The Fed’s Surprise
Minutes of December’s Federal Open Market Committee (FOMC) meeting were released last week and it revealed a more hawkish Fed than investors had been expecting. One surprise was that the first hike in interest rates could occur as early as March. Another, and perhaps more consequential, surprise was the idea of beginning a “balance sheet run-off” by the Fed following the first hike in the federal funds rate.
A balance sheet run-off means that maturing bonds won’t be replaced with new bonds, the result of which is a smaller Fed balance sheet. Many investors view this step as …
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Stocks End Year Mostly Positive
Stocks closed out the year on a mostly positive note, adding to the year’s gains as concerns about the economic issues of Omicron infections receded.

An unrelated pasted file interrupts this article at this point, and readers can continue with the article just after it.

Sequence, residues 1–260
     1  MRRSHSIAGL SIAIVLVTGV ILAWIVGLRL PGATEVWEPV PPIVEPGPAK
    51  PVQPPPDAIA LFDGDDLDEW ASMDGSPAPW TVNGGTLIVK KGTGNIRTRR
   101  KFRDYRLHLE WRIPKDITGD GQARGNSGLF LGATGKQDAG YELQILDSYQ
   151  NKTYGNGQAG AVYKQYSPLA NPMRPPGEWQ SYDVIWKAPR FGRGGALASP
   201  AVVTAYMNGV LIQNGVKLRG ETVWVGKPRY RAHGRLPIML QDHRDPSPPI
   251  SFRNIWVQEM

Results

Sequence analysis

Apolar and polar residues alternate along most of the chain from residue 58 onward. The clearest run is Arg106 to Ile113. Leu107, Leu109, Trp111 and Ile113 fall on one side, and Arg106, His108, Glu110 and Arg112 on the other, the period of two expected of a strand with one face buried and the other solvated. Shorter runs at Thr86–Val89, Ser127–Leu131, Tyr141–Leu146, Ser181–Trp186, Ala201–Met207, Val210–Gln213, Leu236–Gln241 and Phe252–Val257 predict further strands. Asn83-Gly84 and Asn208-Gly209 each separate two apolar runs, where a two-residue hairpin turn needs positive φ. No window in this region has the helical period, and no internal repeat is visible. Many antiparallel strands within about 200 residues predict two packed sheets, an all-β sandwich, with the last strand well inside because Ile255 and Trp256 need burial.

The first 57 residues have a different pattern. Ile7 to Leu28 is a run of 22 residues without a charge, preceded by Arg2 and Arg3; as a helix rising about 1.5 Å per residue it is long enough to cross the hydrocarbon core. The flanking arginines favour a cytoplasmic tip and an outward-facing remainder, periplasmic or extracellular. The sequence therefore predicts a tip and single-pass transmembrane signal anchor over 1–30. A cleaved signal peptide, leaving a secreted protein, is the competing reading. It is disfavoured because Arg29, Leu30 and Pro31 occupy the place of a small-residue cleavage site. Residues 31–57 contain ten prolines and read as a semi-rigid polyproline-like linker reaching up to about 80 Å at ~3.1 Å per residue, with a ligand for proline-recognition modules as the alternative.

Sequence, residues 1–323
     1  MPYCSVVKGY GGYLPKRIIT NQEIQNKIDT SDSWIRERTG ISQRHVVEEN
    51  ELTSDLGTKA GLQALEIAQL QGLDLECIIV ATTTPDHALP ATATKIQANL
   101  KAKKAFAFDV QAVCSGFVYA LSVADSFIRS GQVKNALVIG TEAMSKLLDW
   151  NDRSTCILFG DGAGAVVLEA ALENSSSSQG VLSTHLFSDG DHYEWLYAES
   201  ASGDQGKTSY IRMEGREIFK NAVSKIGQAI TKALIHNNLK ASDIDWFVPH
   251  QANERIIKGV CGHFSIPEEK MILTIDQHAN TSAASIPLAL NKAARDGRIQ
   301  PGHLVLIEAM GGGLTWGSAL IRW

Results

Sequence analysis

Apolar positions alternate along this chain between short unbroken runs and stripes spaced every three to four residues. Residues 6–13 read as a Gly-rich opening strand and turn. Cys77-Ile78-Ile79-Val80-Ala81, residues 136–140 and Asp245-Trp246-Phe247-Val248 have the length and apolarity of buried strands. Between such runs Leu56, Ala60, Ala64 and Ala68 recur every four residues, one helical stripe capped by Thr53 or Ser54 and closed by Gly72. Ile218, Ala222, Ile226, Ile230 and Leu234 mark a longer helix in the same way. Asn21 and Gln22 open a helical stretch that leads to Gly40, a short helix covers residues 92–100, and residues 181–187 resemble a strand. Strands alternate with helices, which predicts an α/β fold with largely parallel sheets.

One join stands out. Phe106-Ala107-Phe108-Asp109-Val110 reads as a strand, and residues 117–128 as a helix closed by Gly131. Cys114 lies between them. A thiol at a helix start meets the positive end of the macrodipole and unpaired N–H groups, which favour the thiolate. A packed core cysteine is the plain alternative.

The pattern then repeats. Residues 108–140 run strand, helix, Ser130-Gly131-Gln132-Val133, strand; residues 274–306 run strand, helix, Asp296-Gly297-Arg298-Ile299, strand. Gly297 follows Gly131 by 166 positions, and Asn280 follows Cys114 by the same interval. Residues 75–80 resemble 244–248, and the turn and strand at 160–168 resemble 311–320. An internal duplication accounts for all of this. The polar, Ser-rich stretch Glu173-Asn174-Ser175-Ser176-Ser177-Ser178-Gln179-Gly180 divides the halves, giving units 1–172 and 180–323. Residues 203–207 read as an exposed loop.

The Dow Jones Industrial Average rose 1.08%, while the Standard & Poor’s 500 picked up 0.85%. The Nasdaq Composite index was flat (-0.05%) for the week. The MSCI EAFE index, which tracks developed overseas stock markets, posted an increase of 0.80%.
Stocks Notch Record Highs
The end of the year is historically a strong period for stocks–a seasonal pattern dubbed “The Santa Claus Rally.” This year’s final week of trading did not disappoint as stocks posted healthy gains to kick off the week, despite a global increase in Omicron infections. Investors were buoyed by data that showed fewer associated hospitalizations, which helped ease fears of the variant’s economic impact.
The S&P 500 set multiple fresh record highs, with Wednesday’s new high representing the 70th such high in 2021, while the Dow Industrials recorded its first new record since November. Stocks drifted on low trading volume in the final two trading days of the year, capping a good week, a solid month, and a strong year for investors.
Robust Holiday Sales
The market got off to a good start last week in part due to a strong holiday sales report. A major credit card issuer reported that consumer holiday spending rose 8.5% from last year’s levels, driven by an 11.0% gain in online sales. It was the biggest annual increase in 17 years. The spending by consumers…